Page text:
$4 50(fl>5 40; selected feeders weak |
S3 80@4 CO; mixed stockers slow at 10c !
lower at $2 50Si13 65; cows, J2 7504 25;
heifers, 52 SSft.5 00; canners, $2 00@2 65;
bulls, $2 75(ji,4 50: calves. S4 00tfj.fi 9.v I
Hogs, receipts to-day, 40,000 head; tomorrow,
20,000 head; left over, G.0QQ
head; market fairly active, mostly 5c
lower; top, $5 50; mixed and butchers
55 00@5 50; good to choice heavy $5 00?
5 47V2-; rough heavy $4 Si>@4 95, light,
$5 lOrffu 50; bulk of sales 45 15@5 .15.
Sheep, receipts 22,000 head; sheep
steady to strong; choice lambs steady;
others weak to 10c lower; good to choice
wethers $3 9l'(5'4 25; fair to choice mixed
53 50@3 90; western sheep 54 00@4 20;
native lambs $4 2a@5 40; western lambs
54 50@5 no.
"Wheeling, Oct. 1.
Following were tlni quotations that
ruled to-day:
Cattle-Extra. 1,000 to 1,200, 54 501T4 75;
good. !W)0 to 1,000, $f00@4 40; good. S00
to 900, 53 50@3 75; good. 7C0 to 800, 53 00?
3 50; hull?. 52 C0?3 50; cows, 52 00<f?3 25.
Hogs?Extra, S5 40@5 50; good, 55 25&
5 40; common, 54 50(5 5 00.
Sheep?Extra, 53 00(?3 50; good, 52 00?
3 00.
Lambs, 54 00^5 25.
Calves, 54 OOfrifi 50.
Fresh ?cows, 520^38 per head.
EAST LIBERTY?Cattle steady; extra,
55 CO@5 S5; common 53 50(54 00.
Hops dull and lower; best Yorkers
55 55@5 GO; roughs, 53 50@4 90. Sheep
dull and lower; choice wethers 54 10^
4 20; choice iambs 54 75@5 00. Veal
calves 5t? 00(^6 50.
CINCINNATI?Ilogs dull and steady
at 54 75(055 25.
NEW YORK?The market for metals
exhibited very little strength or activity
to-day. Tin was a little firmer In
sympathy with favorable advices from
abroad and closed tlrm at $2S 900
29 12It. The rest of the list showed no
material change. Lake copper ruled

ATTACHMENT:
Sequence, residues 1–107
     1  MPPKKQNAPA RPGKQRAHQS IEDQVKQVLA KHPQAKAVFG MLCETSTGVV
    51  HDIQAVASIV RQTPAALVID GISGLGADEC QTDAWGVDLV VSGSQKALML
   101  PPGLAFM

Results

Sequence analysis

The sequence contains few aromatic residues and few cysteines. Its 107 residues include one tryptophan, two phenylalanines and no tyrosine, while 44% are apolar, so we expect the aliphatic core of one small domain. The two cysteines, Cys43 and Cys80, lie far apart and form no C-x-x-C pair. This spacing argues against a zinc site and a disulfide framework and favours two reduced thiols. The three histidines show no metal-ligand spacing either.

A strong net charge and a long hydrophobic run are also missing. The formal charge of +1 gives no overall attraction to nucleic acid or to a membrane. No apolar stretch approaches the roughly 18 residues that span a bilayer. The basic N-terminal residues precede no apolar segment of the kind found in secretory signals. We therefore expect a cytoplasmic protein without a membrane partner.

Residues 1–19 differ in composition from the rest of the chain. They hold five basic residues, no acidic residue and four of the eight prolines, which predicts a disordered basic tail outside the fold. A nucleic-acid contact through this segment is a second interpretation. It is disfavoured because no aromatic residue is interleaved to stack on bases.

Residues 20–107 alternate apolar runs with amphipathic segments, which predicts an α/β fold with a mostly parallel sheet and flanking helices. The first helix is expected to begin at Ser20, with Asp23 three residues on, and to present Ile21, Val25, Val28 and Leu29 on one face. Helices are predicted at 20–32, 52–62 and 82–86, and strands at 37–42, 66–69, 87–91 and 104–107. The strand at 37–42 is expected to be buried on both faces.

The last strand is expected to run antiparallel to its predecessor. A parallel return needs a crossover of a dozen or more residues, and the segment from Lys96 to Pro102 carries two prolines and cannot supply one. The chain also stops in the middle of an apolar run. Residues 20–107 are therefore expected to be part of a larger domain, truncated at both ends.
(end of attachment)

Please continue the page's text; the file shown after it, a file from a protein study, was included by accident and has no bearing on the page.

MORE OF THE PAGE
dull at. $1G fiOftl" 00. with the exports
for September 10,302, against 13,819
pounds during August. Pig iron warrants
were very dull at $9 50^10 00:
lead and spelter wore dull at $4 37%*g)
1 10f/4 In, respectively. The brokers'
price for lead was $4 00 and for copper
Dry Goods.
N1?!\V YORK?The week opens with
the demand showing little change from
the cloning days of last week. Most
buyers are attending the current requirements
only and the few desirous of
placing orders for forward deliveries of
staph* cottons And the market a dlfllcult
one to operate In. All fltaple cottons
are very firm, with tendency
against buyers. Print cloths have been
linn, but Inactive throughout the day.
Prints firm In all staple linos. Staple
ginghams scarce. India linens and
other white goods well sold and firm. '
OIL CITY?Credit balances $115; cor
IMcatcs. no bids; shipments 283,979 barrels;
average, 95,910 burrelH; runs, 277,314
barrels; average, 92,180 barrels.
N1CW YORIC?Standard oil stock
$533 f?535.
TOLEDO?Oil unchanged.
NEW YORK?Wool dull.
ror Infanta and Children.
Tha Kind You Have Always Bought
Plumbing, Gas and Steam litling.
Dealer !n all goods pertaining to the trade.
2012 Main Street,
Telephone 37. Wheeling, W. Vs.
Steam and Hot Water Hentlng. High
Grade Plumbing Fixtures. Call and *co
tho "Llnke" Filters In operations. Plans,
spccincatlonH und estimates for any work
In our line furnished on application. Prices
moderate, consistent with drat-class work,
and satisfaction guaranteed.
No. 1 IBB Market St.. WlioclUm, W. Vn.
Practical Plumbers,++f
Gas and Steam Fitters.
No. 33 Twelfth Street
Work done promptly at rea?onable price*
Is tho title of an interesting llttlo i>
,4> book that shows how <y
? . Is LOST, and how It may bo ^
2 It 13 sent securely sealed In plain X
Y envelope Froe, on rccclpt of 2c T
A stamp for postage.
4> We are the lending specialists in x
a, curing all cases of Kidney mid X
<i> Bladder trouble, 8oxual Weakness X
<i> and Impotcncy. Syphilis. Gonor- &
rhaea, Night Losses, Gleet and X
A Stricture quickly and permanently.
h> Wo havo cured thousands at their
& own homes. All letters kept strict< >
ly prlvato and answurud in plain
sealed envelops. Consultation by A
& mall free. Write to-day. Address. $
g DR. W. H. SAUNDERS & CO., $
g Chicago, HI. |
gEAirry, i? conqueror
bella vita
Beauty Tablets and Pills. A per*
jfccOy safo aad guaranteed treatment for
all skin disorders. Restores the bloom of
youth to faded faces. 1? days* treatment
lac; 80 days' 31.00, by mall. Send for circular.
NBKVtTA MEDICAL CO., Clinton 4 Jsckwft S(?.. Cikafo.
Bold bv ChM. R. Goetre, Drujrtlst, Market
and Ttfolflh streets, Whkellnc. W.
Va. Te24-tf&w
$> ER. FATHER, or any of your tela- < >
iv liven afflicted with tho Disease ol &
T Drunkenness? We have a sure ?
iv euro which can be Klven with or
R> without tho knowledge of the pn- &
T {lent. Send for particulars. enclos* <;>